Engraved plastic rings fitted on a bird's neck or leg are often used in certain kinds of ornithological research, for example studies of geese and swans. These rings may be coloured and be coded with two to three letters or numbers, unique for each bird in the study. Plastic rings can be read from a distance with the help of good binoculars or a telescope, allowing researchers to track a bird without capturing or killing it. Over time, data can gradually be collected on the movements and migrations of individual birds. The same is true for plastic wing tags, marked with a combination of letters and numbers, which have for example been used to mark eiders in Iceland. With the advent of digital cameras, it has become increasingly common to use photography as a tool in capturing the numbers on bird rings without having to recatch the bird.
Radio transmitters have been used in various studies in Iceland over the last few decades, for example in assessing the ptarmigan survival rate. Specialised markings such as these allow researchers to track birds more closely than possible with traditional bird rings. This new method also eliminates the need for rings to be returned. At the same time, the transmitters themselves may affect the birds' behaviour and life expectancy. Satellite transmitters have also been fitted on wild birds, but birds must be of a size that they can carry such devices with ease. These satellite transmitters give researchers the means of tracking the daily movements of birds. Tracking data is frequently posted to the Internet. Geolocators are a still more recent innovation in bird tracking – less accurate than satellite devices but far cheaper. They are much smaller than satellite transmitters and thus can be used to track much smaller birds. The downside to geolocators is that birds must be recaptured to download data. Geolocators are most suitable for tracking birds that migrate long distances. A number of bird studies in Iceland have made use of geolocators, including research on puffins, arctic terns, Manx sheerwaters, red-throated divers and common scoters.
When did bird ringing begin in Iceland?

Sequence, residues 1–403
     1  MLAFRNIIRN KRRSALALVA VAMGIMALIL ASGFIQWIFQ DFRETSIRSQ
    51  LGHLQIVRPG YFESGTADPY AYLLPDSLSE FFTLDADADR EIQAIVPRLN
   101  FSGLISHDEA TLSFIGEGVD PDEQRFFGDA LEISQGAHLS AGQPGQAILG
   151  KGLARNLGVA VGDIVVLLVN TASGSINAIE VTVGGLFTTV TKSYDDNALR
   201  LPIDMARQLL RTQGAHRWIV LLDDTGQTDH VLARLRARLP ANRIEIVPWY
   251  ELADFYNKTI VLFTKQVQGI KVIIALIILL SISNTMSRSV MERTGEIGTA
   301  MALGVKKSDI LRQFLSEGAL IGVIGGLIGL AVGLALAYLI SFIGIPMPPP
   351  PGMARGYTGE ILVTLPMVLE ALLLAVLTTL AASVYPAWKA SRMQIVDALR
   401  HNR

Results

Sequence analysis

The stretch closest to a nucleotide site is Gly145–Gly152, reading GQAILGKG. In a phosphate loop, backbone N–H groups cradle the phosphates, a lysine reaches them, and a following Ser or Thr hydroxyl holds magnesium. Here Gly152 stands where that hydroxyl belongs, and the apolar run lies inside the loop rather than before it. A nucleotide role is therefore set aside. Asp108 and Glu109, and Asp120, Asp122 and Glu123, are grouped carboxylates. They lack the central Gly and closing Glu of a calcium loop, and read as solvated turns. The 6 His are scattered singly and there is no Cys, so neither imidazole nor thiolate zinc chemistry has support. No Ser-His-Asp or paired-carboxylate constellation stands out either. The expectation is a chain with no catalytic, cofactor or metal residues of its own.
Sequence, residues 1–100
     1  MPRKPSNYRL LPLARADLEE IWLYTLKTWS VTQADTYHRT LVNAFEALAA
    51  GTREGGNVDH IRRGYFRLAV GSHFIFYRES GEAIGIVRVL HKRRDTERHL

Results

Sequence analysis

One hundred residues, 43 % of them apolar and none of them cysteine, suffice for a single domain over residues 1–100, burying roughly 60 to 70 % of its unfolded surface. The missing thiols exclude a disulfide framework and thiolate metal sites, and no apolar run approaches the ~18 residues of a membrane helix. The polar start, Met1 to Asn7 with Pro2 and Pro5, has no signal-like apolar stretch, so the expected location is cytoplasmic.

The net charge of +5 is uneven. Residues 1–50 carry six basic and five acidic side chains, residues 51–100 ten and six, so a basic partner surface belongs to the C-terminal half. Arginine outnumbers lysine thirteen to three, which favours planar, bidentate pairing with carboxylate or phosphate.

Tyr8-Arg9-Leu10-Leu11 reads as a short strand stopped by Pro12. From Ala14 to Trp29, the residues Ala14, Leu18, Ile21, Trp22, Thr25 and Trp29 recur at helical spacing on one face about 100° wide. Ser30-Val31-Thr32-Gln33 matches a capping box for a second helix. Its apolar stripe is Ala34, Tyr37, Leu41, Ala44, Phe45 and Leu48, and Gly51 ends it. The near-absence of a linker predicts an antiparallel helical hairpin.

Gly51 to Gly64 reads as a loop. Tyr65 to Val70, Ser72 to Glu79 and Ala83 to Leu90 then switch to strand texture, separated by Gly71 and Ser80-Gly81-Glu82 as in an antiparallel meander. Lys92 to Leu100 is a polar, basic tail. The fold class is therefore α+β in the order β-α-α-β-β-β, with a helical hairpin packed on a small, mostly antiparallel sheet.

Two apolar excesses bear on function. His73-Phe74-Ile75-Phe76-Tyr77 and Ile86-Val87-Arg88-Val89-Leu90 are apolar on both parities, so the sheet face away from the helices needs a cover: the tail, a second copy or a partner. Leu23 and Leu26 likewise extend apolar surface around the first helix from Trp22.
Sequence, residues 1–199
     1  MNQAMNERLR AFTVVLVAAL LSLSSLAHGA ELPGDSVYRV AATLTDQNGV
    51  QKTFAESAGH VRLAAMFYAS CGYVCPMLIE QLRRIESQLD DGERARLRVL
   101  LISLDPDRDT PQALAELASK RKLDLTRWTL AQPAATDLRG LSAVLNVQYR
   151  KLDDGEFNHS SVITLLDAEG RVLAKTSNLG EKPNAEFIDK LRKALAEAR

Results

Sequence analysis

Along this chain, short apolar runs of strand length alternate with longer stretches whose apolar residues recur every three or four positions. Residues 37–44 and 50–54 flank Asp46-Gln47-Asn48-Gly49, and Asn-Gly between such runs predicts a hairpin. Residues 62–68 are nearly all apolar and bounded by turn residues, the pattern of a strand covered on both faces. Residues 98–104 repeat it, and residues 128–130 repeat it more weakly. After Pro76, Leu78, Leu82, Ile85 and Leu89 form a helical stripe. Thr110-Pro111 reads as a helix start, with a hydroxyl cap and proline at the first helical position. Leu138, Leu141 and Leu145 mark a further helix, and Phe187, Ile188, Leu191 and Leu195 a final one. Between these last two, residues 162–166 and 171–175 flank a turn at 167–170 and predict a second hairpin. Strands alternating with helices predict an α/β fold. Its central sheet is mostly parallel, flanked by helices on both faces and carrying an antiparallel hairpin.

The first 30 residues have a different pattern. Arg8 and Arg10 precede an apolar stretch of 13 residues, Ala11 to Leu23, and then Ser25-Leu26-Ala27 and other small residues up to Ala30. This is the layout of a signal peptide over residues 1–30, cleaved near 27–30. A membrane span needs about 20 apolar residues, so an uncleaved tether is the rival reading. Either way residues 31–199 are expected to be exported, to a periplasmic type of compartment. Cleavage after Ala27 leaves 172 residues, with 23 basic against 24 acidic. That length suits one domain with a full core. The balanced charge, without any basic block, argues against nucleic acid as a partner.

In 1921, Danish scientist Peter Skovgaard initiated a bird ringing scheme in Iceland. The IINH (and its forerunner, the Natural History Museum) assumed responsibility for bird ringing in 1932. A series of reports were published over these first decades, detailing ringing activities, the number of ringed birds, names of bird ringers and recoveries of ringed birds. The practice was unfortunately discontinued in 1953.
Processing of ringing data
The IINH aims to digitalise all ringing data and develop a system where bird ringers can submit ringing data online. Work has begun on a web interface that will allow those who find ringed birds to send information to the IINH online. The IINH also has plans to publish an online magazine with guidelines for ringers, updates on ringing activities, information on various interesting ringing projects and results and an overview of ringings and recoveries.
Bird ringing and results for 2008:
- Ringing: In 2008 there were around 50,000 ringing entries in the database, both ringings for that year and older ringings. The vast majority of ringed birds were snow buntings (2,711) and redwings (2,341), with the tern coming in third (1,434). A total of 59 species were ringed in 2008 according to data that the ringing scheme had received in April 2010.
- Results: Almost 1,100 results were recorded, most of which were ringings reported that year.
- Bird ringers: A total of 31 ringers sent in their ringing reports in 2008. The organisers of the Bird Research Centre of South-East Iceland, Björn Arnarson and Brynjúlfur Brynjólfsson, ringed 2,323 birds. Sverrir Thorstensen ringed 1,926 birds and Óskar J. Sigurðsson ringed 1,673. Some bird ringers might not have sent in their reports for 2008 yet.
In April 2010, the IINH bird ringing database contained around 413,000 entries. An estimated 500,000 birds have been ringed or otherwise marked in Iceland, meaning that around a fifth of all ringing entries have yet to be digitised. At the same time, the number of recorded recoveries was 36,000. Only around 2,000 of these recoveries have not been digitised. Digitisation of ringing data is ongoing.
Updated January 2011
Anyone who finds a bird ring or other marker in Iceland is required to send the marker to the following address:
Icelandic Institute of Natural History
P.O. Box 125
Recapturing may also be reported through telephone +354 5 900 500begin_of_the_skype_highlighting +354 5 900 500 end_of_the_skype_highlighting or e-mail: firstname.lastname@example.org.